Based on in-depth research from ADM’s proprietary consumer insights platform, the Agricultural origination and processing company, provide insights to consumer trends that will transform the food and beverage sector in 2021.
Five trends were highlighted in the report by ADM that could change the food industry in the new year. In the report, each trend is broken down and key information on each trend and how it is affected by behavioural and societal changes that have emerged since the beginning of the pandemic, including heightened feelings of anxiety and stress, shifting priorities, changes in social connectivity, and the adoption of a more holistic approach to wellness.
• A More Proactive Approach to Nourishing the Body and Mind
ADM research finds that 31 percent of consumers are purchasing more items tailored for their health, and 50 percent report a preference for foods and beverages that naturally contain beneficial ingredients. The desire to influence health and wellness through foods and beverages is creating new opportunities for nutrient-dense products with functional health benefits aimed at supporting immune systems, enhancing mood and sustaining energy. Sensory factors like flavour and colour are also playing an increasingly crucial role. Consumers are gravitating toward foods and beverages with bright and exciting colours that indicate citrus flavours, with their naturally occurring Vitamin C, as well as products with familiar, nostalgic flavours during these stressful times.
• Sustainability Takes Centre Stage
Over two-thirds (65%) of consumers want to have a positive impact on the environment through their everyday actions. This is a key reason why 32 percent of consumers buy sustainably produced items. The growing awareness of our collective impact on the environment has elicited increasing demand for companies to demonstrate their sustainability commitment beyond just the end product to responsible sourcing and operating standards. Specialized feed to reduce methane emissions in livestock, for example, is helping to address consumer interest in more eco-friendly protein sources. New farming practices, such as regenerative agriculture, are being used to enrich soil, resulting in carbon drawdown and improvements to the water cycle. Renewable plant-based materials such as corn-starch and even seaweed are appearing in consumer packaging to reduce landfill waste.
• The Gut Microbiome Emerges as the Gateway to Wellness
Approximately 25 percent of global consumers suffer from digestive health issues. Of those, 50 percent claim that it has a moderate or severe impact on their overall health. The pandemic has accelerated consumer interest in a more holistic approach to health, which includes a greater understanding of the foundational role of the gut microbiome on each individual’s health. Products targeting the microbiome have been shown to help address specific metabolic conditions and issues such as weight management, immune system support and better emotional well-being. This provides fertile ground for food and beverage innovation with functional solutions like prebiotics, probiotics and postbiotics that support microbiome function.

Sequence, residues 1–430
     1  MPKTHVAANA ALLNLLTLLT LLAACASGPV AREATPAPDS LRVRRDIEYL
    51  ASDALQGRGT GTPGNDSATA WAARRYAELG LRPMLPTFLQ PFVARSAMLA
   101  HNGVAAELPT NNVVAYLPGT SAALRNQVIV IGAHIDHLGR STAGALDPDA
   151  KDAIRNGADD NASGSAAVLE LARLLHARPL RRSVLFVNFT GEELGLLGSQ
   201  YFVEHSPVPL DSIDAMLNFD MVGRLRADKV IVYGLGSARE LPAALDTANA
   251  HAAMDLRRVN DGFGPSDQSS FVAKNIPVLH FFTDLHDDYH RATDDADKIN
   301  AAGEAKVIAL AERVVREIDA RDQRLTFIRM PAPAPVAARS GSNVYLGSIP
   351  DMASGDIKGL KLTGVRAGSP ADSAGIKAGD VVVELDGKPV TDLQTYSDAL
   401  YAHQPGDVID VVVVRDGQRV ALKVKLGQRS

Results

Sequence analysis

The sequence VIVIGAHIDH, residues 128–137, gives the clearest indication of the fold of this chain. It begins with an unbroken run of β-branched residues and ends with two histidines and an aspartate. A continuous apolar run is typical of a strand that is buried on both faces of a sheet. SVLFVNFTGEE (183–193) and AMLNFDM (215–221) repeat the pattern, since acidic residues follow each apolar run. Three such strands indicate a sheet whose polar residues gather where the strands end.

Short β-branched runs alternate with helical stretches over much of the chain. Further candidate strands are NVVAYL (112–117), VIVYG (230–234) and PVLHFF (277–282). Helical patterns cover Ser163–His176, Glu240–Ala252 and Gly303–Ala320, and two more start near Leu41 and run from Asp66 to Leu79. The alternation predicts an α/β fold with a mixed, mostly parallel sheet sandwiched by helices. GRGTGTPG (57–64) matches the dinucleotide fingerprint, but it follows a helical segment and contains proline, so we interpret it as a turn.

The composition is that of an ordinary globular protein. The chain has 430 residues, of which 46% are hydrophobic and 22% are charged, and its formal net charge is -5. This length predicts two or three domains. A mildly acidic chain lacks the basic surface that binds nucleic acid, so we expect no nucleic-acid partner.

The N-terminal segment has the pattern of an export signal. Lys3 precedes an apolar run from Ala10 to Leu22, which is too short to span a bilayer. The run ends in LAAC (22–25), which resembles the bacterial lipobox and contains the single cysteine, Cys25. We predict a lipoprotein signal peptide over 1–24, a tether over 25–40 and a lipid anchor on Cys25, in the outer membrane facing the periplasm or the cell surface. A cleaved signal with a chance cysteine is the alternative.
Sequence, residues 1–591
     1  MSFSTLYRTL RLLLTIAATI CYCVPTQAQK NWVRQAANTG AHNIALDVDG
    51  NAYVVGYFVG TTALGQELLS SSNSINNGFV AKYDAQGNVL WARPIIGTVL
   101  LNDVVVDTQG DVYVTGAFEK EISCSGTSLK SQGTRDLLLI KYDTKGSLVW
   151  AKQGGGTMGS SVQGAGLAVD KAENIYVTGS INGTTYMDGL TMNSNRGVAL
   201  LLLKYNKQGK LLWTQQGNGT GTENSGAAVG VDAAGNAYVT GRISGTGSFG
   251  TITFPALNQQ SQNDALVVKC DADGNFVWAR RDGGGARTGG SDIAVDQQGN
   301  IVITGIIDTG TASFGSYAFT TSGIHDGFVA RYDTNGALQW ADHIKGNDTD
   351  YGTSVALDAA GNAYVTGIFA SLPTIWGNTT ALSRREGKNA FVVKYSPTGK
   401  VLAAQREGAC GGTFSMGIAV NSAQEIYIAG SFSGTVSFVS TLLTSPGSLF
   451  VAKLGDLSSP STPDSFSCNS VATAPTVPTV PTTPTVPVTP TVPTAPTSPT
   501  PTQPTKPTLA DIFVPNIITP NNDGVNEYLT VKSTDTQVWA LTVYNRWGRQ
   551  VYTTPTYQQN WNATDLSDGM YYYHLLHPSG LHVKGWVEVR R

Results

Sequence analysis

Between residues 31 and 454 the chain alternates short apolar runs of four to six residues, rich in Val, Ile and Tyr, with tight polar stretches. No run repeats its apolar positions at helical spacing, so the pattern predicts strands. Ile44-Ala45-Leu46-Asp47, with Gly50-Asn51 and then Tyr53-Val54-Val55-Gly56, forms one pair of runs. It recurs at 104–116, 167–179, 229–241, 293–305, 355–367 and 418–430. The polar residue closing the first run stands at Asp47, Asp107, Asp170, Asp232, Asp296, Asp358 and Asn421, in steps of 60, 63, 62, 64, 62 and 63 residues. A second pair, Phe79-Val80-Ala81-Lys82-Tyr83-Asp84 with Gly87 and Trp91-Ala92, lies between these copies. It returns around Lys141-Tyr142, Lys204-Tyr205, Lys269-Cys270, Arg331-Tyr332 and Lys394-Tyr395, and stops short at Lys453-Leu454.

• Plant-Based Food Boom Expands Beyond the Bun
Globally, 56 percent of plant consumers are trying to eat more plant-based foods and beverages, pushing alternative proteins into an increasingly mainstream phenomenon. Demand for plant-based protein products is rapidly expanding beyond just burger analogues to new and novel products, including alternative seafoods like shellfish and shrimp, plant-based cheeses, ready-to-eat protein snacks and more. Alternative meat products also continue to evolve, with new technologies like 3D printing and protein fermentation playing a role in driving innovation. New plant-based meats on the horizon include whole-muscle products like steak and chicken breast, lunch meat, bacon and more. The dairy alternative category, an early leader in the plant-based nutrition space, is growing to encompass other formats such as yogurt, ice cream, butter, spreads and creamers. To stand out in the dairy aisle, products must deliver more protein than traditional dairy, and feature a nutritional label fortified with vitamins and minerals or functional ingredients like probiotics.
• Transparency Builds Consumer Trust
Consumers now expect food labels to provide greater transparency around the entire product life cycle. This is helping drive the demand for locally sourced products as consumers seek greater clarity on where the ingredients in food and beverages come from. In fact, 26 percent of global consumers look for the country of origin on food and drink labels.
The quest for cleaner ingredients extends to flavours and colours, with many seeking natural alternatives, whether it be elderberries to give a product a rich blue hue or peppermint and mint to elicit an energizing burst of coolness in foods and beverages. Sweeteners such as monk fruit and stevia are growing in popularity as consumers seek out natural ways to reduce their sugar intake.
“The coming year will be one of significant change and innovation for the food and beverage industry in the Asia Pacific region,” says Leo Liu, Asia Pacific President of ADM. “Driven by the global health crisis and sustainability trends, consumers are looking for products that naturally contain beneficial ingredients and have a more healthy and positive impact on the environment. We will see more transparency in labelling as consumers look for products that meet these expectations, and much stronger demand for plant-based protein in their diet. It will be a dynamic market and one in which we look forward to assisting customers meet the challenges and opportunities ahead.”